Some friends and I had an opportunity to visit eastern Ontario mutual friends this past weekend. As usual, my camera was slung over my shoulder, and I spent some time wandering around the property and gardens taking snaps of anything that caught my interest. The photos in this album are the ones I decided to keep.
I attended a one-day course on high-speed photography at SPAO and spent an amazing day learning how to take photographs of water drops. But is wasn’t just a lone water drop – the trick was to catch a water drop crashing into the previous drop, and stopping the motion of the crash with the help of an off-camera flash.
When a drop of water falls into a tray of water, it first creates a depression in the water, which quickly fills up to create a small column of water. Then the second drop crashes into this column to create different shaped patterns of spray. We used a small computer chip connected to a laptop, the flash and a solenoid valve that released the drops. Variables in the computer program determined when to release the drops and fire the flash.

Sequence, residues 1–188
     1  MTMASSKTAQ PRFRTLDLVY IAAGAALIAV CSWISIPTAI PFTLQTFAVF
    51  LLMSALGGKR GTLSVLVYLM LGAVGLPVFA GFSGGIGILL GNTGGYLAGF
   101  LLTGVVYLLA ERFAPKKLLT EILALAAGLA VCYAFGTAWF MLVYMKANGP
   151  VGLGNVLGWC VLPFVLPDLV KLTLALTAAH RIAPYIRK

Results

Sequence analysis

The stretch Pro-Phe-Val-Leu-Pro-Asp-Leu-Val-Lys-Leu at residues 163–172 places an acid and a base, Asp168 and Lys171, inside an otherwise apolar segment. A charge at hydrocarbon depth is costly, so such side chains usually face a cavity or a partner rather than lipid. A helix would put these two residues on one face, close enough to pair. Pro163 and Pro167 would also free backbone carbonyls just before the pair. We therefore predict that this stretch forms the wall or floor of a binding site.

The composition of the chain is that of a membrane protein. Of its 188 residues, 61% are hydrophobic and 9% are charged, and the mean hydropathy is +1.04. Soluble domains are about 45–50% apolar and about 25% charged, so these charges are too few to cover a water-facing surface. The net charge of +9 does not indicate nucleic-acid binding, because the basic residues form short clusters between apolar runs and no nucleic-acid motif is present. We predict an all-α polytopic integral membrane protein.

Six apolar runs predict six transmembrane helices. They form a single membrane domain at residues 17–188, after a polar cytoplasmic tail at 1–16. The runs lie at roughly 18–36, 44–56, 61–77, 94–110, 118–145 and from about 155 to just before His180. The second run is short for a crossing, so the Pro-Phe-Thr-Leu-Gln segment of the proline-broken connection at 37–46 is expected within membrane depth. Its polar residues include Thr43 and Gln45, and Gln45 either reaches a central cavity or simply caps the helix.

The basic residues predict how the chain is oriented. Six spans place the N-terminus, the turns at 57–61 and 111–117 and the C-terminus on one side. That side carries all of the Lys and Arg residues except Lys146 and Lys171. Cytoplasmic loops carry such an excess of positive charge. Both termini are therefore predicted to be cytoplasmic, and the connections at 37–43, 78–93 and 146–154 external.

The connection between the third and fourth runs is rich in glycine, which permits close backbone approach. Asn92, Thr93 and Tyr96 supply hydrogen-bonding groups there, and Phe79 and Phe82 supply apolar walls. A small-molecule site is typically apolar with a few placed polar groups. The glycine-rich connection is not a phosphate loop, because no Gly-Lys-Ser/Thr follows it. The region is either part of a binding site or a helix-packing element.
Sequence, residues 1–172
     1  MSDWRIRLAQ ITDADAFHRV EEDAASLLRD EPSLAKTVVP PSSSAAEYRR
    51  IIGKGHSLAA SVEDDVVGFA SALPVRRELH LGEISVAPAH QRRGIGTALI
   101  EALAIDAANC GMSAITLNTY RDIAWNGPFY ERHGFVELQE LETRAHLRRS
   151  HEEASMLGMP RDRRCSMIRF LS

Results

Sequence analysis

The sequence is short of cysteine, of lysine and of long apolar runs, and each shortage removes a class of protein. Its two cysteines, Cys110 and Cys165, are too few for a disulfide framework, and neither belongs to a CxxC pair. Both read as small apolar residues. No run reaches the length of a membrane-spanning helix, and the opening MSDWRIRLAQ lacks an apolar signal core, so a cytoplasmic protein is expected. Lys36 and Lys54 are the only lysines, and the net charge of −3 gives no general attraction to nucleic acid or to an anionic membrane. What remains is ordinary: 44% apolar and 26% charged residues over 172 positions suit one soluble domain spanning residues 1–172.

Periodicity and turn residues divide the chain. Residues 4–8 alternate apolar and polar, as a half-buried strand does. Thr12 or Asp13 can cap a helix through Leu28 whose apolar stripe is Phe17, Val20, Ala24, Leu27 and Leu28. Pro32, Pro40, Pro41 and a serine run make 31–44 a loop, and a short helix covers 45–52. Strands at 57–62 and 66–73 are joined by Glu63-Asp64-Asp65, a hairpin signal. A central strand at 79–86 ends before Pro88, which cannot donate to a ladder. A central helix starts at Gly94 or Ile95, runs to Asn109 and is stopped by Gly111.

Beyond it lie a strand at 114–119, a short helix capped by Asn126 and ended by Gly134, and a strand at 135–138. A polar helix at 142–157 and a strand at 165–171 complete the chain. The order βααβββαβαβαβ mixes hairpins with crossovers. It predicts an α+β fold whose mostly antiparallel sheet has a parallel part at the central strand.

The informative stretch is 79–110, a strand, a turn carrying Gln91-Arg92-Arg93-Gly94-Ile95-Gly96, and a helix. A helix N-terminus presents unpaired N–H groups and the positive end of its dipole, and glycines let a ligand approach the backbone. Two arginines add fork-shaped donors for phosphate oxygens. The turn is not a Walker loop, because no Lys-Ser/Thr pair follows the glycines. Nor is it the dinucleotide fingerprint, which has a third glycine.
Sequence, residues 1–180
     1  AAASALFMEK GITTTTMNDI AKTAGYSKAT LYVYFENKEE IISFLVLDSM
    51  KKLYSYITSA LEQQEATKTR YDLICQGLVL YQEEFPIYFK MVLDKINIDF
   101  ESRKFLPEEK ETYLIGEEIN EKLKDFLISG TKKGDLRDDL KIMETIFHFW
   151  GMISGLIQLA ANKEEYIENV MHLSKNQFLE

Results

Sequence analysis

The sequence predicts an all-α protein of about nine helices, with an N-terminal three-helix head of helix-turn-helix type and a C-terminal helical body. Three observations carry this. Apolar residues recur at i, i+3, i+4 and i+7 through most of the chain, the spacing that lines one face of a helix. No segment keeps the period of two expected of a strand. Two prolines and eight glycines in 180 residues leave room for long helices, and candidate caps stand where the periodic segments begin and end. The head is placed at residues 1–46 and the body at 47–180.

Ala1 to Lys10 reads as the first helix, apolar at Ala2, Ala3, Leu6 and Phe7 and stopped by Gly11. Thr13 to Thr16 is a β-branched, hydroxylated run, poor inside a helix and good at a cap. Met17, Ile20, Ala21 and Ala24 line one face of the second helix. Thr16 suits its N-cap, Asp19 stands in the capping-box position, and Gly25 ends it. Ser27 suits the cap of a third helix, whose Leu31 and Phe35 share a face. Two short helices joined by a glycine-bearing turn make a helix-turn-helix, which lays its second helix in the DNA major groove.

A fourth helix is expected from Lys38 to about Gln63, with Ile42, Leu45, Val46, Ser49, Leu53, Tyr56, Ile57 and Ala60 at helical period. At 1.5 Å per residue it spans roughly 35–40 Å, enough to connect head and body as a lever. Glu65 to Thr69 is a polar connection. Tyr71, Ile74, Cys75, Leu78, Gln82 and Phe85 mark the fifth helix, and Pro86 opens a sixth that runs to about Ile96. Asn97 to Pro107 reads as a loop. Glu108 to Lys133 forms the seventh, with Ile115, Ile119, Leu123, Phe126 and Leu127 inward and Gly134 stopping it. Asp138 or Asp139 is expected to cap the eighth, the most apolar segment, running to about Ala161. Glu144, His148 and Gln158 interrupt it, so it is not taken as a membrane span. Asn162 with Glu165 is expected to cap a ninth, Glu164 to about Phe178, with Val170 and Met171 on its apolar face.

I do not consider myself to be a technical person, and at the start of the course, when presented with the technology, all I could think about was how to run away and hide – it was literally over-whelming for me, especially considering that there were two engineers on the course who were speaking in a engineer-tongue.
However, after eight hours of learning and experimenting, I did not want to leave. I was hooked!
One really neat thing I discovered was that, no matter how much you tried to take the same shot, the smallest change to the environment would create a different water drop pattern. Things like the level of water in the tube from which the water drops originated, a slight breeze from the air conditioner, the level of water in the tray, people moving around in the room … any of these could dramatically change the final pattern.